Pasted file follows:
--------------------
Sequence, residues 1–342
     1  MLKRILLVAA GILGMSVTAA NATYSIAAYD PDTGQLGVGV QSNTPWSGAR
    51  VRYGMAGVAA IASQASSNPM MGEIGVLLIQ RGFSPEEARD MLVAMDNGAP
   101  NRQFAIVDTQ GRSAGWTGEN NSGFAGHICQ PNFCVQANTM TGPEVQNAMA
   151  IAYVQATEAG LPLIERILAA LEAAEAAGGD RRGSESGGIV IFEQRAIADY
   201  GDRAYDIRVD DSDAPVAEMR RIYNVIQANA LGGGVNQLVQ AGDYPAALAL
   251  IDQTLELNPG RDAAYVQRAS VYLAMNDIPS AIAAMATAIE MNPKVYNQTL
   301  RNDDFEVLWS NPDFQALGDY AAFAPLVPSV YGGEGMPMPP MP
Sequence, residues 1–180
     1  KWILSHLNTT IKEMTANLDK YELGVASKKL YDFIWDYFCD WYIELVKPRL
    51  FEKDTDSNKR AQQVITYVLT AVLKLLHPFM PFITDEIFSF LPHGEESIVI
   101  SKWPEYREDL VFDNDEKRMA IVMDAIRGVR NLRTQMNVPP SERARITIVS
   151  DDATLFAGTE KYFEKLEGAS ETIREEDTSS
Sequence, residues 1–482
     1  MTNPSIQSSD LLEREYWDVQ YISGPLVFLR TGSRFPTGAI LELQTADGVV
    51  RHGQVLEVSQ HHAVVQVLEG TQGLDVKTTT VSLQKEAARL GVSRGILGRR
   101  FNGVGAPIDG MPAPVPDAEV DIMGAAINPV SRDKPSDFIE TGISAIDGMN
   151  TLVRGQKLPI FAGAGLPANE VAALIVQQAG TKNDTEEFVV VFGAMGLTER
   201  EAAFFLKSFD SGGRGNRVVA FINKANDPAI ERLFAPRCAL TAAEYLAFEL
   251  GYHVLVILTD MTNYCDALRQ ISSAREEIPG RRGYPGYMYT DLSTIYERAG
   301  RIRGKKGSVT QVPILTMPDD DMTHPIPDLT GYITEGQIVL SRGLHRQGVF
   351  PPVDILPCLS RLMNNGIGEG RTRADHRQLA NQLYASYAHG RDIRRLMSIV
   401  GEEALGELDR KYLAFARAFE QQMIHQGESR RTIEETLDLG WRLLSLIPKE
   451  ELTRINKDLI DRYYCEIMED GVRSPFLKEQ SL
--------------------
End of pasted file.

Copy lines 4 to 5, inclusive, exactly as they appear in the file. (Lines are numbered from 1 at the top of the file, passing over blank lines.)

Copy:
   101  NRQFAIVDTQ GRSAGWTGEN NSGFAGHICQ PNFCVQANTM TGPEVQNAMA
   151  IAYVQATEAG LPLIERILAA LEAAEAAGGD RRGSESGGIV IFEQRAIADY